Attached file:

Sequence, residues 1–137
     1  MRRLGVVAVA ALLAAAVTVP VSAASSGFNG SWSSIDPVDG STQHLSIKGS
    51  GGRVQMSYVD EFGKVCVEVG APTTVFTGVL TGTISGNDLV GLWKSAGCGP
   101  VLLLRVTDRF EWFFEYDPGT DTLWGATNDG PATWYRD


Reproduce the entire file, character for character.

Sequence, residues 1–137
     1  MRRLGVVAVA ALLAAAVTVP VSAASSGFNG SWSSIDPVDG STQHLSIKGS
    51  GGRVQMSYVD EFGKVCVEVG APTTVFTGVL TGTISGNDLV GLWKSAGCGP
   101  VLLLRVTDRF EWFFEYDPGT DTLWGATNDG PATWYRD